One New York remodeler is intent on generating business with a shake.
Or is it a stir?
“We were thrilled,” says Dino Andreakos of his company’s bold foray into “remodeling speed-dating” at a midtown Manhattan restaurant last week. Inspired by an article in REMODELING, the co-CEO of Bullfrog Builders, in Queens, N.Y., sponsored an entrepreneurial evening called "Remodeling the Date," a tongue-in-cheek "dating" event aimed at getting to know prospective clients in a casual and conversational setting -- drinks on Bullfrog Builders.
Thirty-three guests attended, some of them sipping “The Fixer-Upper,” a summery Tequila concoction served for the occasion.
“We simply wanted to experiment, generate buzz, and try to bring a different element of interviewing contractors into the local remodeling arena,” Andreakos says. Working with a publicist, his company promoted the event via a press release as well as a postcard (shown) that was mailed to nearby businesses and posted on the Internet. Guests were “open and enthused, talking with us in a way that they would not have had this conversation been at a doorstep, [on a] construction site, or over the phone,” he says. That openness “reinforced our belief that homeowners truly want this one-one-one attention -- whether it has to be at an event or not -- the idea of genuine open conversation can translate to our business in every way."
Good vibes haven’t been the only payback, however.
From Bullfrog Builders' $320 investment in the flyer and drinks, it has, as of a week after the event:
Collected contact information for 34 people (including a woman who was attending a baby shower at the same restaurant, and came to Bullfrog’s side of the room out of curiosity):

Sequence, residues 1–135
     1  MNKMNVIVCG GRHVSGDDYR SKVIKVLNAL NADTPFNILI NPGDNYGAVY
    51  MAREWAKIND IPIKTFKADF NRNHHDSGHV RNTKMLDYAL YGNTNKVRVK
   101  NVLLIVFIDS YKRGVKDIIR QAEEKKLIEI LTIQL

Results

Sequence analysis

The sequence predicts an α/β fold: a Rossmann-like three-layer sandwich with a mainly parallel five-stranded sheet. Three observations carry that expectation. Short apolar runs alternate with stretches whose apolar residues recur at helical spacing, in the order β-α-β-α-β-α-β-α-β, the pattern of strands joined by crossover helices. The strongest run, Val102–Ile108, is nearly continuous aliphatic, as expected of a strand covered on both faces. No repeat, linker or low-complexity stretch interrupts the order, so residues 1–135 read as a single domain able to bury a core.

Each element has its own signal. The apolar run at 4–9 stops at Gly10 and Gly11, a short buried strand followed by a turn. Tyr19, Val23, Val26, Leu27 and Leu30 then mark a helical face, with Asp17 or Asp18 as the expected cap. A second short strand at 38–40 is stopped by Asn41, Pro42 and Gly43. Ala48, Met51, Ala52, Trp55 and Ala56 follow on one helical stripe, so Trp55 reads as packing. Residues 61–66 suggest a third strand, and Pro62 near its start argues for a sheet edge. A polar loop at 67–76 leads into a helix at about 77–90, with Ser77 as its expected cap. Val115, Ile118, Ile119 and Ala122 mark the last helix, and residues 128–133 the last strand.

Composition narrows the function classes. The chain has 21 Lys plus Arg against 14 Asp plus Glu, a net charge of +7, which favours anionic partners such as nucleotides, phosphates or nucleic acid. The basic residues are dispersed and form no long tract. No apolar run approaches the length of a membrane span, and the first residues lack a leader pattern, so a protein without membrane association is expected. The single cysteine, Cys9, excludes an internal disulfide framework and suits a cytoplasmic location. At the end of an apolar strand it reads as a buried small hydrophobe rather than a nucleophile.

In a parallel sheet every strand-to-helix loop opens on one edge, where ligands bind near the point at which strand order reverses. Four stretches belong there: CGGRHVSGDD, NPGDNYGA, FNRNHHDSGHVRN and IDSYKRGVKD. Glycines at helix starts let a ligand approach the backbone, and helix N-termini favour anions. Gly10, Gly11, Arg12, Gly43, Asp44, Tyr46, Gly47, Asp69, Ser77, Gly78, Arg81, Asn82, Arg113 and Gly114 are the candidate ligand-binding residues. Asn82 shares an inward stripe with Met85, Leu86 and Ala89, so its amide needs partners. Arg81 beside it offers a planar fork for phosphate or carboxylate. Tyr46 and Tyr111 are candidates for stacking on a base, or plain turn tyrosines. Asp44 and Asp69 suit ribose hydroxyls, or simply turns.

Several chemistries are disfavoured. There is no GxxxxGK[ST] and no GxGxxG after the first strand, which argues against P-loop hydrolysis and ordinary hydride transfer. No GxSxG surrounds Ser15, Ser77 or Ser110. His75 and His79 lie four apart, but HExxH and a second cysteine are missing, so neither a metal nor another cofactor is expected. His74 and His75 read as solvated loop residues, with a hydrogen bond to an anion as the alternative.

Contacted 29 of the 34
Of the 29: been asked to reconnect with 17 after Labor Day; been told that seven are currently not interested
Scheduled and held in-house appointments with five
Of the five: sold a deck to one ($15,000)
Sold roofs to two ($9,500 + $6,487)
Sold masonry and a roof to one ($7,000)
Proposed a $27,000 kitchen to one, no sale yet
… for a grand total of $37,987 in revenue -- or a yield of $37,667.
Andreakos is still somewhat in a “state of shock over the event’s success,” he says, and is trying to figure out the best way to allocate resources for these events on a monthly basis at various locations. Each event will generate more buzz and attract larger crowds, he hopes.
“We are strong believers that in the downturn, personal relationships are the greatest insurance,” he says. Those relationships are “also insurance against the pitfalls of being CEOs. We never want to be ‘corporate,' we want our success and business model to be derived directly from our clients’ needs, and much of this has to do with spending real time with clients.” --Leah Thayer, senior editor, REMODELING.